The transformation of Hills Holdings (ASX: HIL) from a diversified manufacturer of roofing and clotheslines to a service-based company in the health-care sector is going from strength to strength, with the announcement of two bolt-on acquisitions.
Hills will acquire Merlon Healthcare Communications and Hospital Television Rentals (HTR) for $33.5 million, with the deals to be completed by the end of 2013. Merlon provides communications and nurse call systems to hospitals and aged-care facilities while HTR does exactly as its name suggests.
The companies will give Hills the number 1 and 2 positions in the two market segments respectively, and will contribute $25 million to Hills’ revenue. Hills expect the acquisitions to be mildly earnings per share (EPS) dilutive in the first year of ownership due to the costs and charges involved, but will be EPS accretive in the following years.
Hills CEO Ted Pretty noted that in many instances technology relationships with hospitals are long term, between 10 and 15 years, and that the purchases will give the company an entry into the sector which may have been otherwise unachievable. The deal will give Hills a presence in 300 Australian aged-care facilities and hospitals, servicing in excess of 40,000 beds.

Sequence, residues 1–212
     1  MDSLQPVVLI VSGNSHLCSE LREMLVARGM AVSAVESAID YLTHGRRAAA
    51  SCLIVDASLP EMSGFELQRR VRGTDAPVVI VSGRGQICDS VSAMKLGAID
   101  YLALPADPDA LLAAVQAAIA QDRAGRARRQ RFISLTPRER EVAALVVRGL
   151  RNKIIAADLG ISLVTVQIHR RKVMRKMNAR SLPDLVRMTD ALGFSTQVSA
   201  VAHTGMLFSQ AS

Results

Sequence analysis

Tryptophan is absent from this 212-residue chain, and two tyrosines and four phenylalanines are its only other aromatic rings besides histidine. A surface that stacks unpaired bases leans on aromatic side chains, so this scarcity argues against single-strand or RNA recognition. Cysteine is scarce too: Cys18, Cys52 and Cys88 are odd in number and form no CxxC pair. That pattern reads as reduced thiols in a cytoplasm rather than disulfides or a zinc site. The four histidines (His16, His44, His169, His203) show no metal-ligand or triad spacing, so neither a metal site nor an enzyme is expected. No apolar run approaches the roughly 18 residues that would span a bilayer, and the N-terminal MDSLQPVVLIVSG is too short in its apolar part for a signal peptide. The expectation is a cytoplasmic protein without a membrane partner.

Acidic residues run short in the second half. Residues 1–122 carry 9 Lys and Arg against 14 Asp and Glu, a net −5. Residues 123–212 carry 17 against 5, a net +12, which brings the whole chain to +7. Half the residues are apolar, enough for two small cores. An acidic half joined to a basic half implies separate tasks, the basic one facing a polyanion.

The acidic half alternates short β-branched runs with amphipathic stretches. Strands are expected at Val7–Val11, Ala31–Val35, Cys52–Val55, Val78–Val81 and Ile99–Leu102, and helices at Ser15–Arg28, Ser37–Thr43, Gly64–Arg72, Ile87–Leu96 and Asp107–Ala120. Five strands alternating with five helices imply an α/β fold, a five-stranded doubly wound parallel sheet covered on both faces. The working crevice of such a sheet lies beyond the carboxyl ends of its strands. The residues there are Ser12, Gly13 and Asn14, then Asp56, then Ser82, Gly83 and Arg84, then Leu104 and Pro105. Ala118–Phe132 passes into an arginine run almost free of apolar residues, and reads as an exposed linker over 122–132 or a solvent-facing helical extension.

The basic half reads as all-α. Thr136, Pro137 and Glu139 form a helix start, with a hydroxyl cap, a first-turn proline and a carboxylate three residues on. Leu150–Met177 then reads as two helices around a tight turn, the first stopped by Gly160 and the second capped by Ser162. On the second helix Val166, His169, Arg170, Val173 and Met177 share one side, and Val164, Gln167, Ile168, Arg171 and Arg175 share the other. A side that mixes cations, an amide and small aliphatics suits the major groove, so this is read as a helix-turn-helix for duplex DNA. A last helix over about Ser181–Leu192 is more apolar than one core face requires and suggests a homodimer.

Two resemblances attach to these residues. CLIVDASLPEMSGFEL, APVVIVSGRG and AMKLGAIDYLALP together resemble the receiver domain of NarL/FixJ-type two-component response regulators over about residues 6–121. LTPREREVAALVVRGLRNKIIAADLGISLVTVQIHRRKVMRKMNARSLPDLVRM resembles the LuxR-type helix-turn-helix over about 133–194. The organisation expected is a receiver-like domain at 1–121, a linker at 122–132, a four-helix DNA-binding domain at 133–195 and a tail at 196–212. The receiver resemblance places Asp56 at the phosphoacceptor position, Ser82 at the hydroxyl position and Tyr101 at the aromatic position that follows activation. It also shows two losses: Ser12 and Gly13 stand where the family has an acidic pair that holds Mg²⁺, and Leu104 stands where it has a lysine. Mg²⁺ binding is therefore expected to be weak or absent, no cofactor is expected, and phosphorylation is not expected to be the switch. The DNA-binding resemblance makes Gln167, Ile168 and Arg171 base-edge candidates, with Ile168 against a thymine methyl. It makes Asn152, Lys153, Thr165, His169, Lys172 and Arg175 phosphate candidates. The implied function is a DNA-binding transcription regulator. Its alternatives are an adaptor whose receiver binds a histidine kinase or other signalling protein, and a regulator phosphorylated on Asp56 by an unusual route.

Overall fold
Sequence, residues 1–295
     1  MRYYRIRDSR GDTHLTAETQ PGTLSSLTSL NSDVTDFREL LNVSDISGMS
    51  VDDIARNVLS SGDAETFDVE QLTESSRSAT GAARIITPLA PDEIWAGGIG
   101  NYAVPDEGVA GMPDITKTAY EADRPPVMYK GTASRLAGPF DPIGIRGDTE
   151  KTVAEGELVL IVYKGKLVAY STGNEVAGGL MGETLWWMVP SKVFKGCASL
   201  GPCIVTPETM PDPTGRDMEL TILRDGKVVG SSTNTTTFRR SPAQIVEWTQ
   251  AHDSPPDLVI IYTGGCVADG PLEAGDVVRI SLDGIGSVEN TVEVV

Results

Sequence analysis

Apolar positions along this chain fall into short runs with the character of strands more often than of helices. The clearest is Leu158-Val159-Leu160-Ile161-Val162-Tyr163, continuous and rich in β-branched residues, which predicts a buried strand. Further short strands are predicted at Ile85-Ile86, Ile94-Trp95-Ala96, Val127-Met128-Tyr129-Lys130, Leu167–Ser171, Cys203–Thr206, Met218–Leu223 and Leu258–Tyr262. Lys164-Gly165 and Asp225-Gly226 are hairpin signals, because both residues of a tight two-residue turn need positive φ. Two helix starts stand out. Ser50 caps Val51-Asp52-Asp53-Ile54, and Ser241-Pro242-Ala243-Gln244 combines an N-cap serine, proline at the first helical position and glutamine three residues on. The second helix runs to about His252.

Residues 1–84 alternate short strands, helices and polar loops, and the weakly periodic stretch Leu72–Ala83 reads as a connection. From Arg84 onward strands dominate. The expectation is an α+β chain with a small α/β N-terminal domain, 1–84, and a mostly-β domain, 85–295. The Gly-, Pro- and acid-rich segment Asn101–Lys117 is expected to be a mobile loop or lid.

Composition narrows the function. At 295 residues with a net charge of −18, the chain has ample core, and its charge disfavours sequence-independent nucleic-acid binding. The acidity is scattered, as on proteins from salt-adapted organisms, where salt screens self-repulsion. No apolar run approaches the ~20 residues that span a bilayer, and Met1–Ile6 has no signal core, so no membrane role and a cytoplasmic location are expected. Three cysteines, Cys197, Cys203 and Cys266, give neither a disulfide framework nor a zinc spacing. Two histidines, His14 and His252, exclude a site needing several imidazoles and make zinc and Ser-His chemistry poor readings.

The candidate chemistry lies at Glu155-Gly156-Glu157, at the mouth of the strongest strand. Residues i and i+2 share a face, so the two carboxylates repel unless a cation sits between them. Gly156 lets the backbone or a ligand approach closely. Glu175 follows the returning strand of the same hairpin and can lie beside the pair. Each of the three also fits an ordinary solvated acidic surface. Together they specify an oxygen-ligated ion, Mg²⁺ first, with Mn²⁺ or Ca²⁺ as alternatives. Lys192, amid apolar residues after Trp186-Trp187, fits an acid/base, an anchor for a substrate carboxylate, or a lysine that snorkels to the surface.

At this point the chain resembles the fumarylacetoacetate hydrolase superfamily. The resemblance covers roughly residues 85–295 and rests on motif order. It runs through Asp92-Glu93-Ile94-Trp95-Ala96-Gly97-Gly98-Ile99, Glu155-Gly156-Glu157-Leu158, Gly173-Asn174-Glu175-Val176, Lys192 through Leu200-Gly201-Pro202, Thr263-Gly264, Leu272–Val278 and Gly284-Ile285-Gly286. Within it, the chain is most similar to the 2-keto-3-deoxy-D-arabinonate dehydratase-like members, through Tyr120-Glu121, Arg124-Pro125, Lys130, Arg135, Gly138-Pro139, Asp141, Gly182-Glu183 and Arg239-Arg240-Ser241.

The purchases continue the transformation of Hills since Mr Pretty stepped into the CEO role in August 2012. In that time, Hills has divested or closed a number businesses owned by the group including Bailies Ladders, Solar HW, Team Poly, Korvest, LW Gemmell and Zurn Industries, while the Hills Hoist clothesline business remains.
Hills is attempting to rapidly transform into “a provider of integrated solutions into trusted environments, including the entry into interactive patient care in Health”. This includes potentially investing in companies that will take advantage of the NBN by delivering remote-healthcare applications.
The acquisitions will be funded from Hills’ cash hoard, which is expected to swell to around $300 million by year-end. Mr Pretty has stated a desire to focus on bolt-on acquisitions in the short term, while eyeing a ‘transformational’ deal in the medium term.
Recent divestments, acquisitions and positive commentary have resulted in a strong rally in the share price of Hills, which as doubled from a low of $0.93 in late June to Friday’s closing price of $1.88. If the lofty ambitions of the company’s new CEO are matched by the financial performance of the company over the next few years, the share price may double a few more times at least. Investors looking for exposure to the high-margin healthcare sector could do far worse than consider Hills Holdings as a medium to long-term investment.
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Motley Fool contributor Andrew Mudie does not own shares in any of the companies mentioned in this article.
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